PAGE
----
Robert S Van Howe, J. Steven Svoboda, J. G. Dwyer And C.P. Price
“Involuntary circumcision: the legal issues”
British Journal of Urology International, Volume 83 Supplement 1, pp. 63-73, January 1, 1999.
R.S. VAN HOWE, J.S. SVOBODA*, J. G. DWYER†, and C. P. PRICE
Medical College of Wisconsin, Department of Paediatrics, Marshfield Clinic — Lakeland Center, Minocqua, WI, *Attorneys for the Rights of the Child and †University of Wyoming, USA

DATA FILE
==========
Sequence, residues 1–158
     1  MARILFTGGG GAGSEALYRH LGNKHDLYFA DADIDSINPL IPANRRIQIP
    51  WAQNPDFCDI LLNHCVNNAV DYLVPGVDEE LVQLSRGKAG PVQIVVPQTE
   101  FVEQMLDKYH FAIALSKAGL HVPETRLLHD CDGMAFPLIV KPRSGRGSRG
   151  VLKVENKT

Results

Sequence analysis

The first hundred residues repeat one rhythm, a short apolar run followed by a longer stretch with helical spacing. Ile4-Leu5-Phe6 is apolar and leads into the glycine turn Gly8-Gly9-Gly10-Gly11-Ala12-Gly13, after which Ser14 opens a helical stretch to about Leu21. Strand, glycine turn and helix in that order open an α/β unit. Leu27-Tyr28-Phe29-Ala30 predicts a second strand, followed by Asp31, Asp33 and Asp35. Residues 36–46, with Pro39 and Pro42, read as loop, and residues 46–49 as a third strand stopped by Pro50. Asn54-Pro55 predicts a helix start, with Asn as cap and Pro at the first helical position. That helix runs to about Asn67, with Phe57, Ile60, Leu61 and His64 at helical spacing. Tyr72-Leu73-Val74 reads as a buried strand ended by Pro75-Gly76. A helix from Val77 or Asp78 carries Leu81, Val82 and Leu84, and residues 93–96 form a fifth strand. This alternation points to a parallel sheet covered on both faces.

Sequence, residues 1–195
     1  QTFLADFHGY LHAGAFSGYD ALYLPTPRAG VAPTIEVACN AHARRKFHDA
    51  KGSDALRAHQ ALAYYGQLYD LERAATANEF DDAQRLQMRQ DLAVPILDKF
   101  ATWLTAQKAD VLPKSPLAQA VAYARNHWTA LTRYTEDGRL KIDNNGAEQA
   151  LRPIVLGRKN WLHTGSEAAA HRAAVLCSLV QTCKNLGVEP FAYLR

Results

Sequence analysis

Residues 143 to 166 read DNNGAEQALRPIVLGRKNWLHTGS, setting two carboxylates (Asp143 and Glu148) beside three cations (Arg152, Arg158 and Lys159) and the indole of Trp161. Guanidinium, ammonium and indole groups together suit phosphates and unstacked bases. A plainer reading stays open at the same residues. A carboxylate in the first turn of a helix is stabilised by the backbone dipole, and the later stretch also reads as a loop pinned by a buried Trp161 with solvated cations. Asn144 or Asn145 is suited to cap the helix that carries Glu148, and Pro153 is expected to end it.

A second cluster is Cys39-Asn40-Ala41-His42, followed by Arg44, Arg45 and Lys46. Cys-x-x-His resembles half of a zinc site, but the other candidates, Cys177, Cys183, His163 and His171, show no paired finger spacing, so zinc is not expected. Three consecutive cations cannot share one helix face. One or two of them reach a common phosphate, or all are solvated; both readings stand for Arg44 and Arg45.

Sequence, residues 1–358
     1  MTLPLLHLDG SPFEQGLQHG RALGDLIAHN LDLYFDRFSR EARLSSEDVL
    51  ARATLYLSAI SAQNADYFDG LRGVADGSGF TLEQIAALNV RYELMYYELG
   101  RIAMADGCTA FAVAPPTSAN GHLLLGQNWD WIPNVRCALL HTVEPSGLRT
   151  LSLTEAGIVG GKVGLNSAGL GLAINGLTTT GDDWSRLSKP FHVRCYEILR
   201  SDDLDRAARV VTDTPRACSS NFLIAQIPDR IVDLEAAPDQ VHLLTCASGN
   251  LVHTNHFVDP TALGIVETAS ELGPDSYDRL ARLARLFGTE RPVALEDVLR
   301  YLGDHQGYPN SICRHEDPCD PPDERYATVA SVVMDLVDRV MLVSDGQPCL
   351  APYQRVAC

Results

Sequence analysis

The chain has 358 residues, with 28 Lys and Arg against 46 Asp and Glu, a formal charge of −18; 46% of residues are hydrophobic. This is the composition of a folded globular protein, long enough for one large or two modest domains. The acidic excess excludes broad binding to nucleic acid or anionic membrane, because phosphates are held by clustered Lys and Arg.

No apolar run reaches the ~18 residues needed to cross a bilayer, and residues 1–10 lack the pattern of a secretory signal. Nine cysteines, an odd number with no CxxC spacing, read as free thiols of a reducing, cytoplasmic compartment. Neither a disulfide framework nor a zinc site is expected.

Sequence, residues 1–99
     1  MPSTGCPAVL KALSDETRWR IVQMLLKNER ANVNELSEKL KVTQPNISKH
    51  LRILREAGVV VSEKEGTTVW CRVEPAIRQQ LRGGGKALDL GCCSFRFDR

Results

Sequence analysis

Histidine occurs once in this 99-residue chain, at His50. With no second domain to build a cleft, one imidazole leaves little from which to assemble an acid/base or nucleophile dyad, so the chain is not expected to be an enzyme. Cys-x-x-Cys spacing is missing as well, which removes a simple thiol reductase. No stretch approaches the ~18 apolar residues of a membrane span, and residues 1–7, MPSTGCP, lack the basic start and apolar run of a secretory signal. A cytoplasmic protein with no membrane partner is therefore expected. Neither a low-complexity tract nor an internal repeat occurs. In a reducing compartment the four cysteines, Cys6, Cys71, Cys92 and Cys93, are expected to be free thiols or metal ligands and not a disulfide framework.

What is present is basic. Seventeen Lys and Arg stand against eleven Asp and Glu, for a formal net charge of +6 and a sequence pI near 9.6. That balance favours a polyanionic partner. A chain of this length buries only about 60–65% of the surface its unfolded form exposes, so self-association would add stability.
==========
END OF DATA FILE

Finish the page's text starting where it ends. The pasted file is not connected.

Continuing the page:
Circumcision is the amputation of the prepuce from the rest of the penis, resulting in permanent alteration of the anatomy, histology and function of the penis [1,2]. Recently, legal scholars have challenged the legality of neonatal circumcision [3–7] and argued that it constitutes child abuse [8,9]. While this conjecture may seem outlandish to American physicians, who tend to a population in which 70–90% of the males are circumcised neonatally, such claims have a strong foundation in legal precedent and medico-ethical standards that aim to protect the bodily integrity of persons.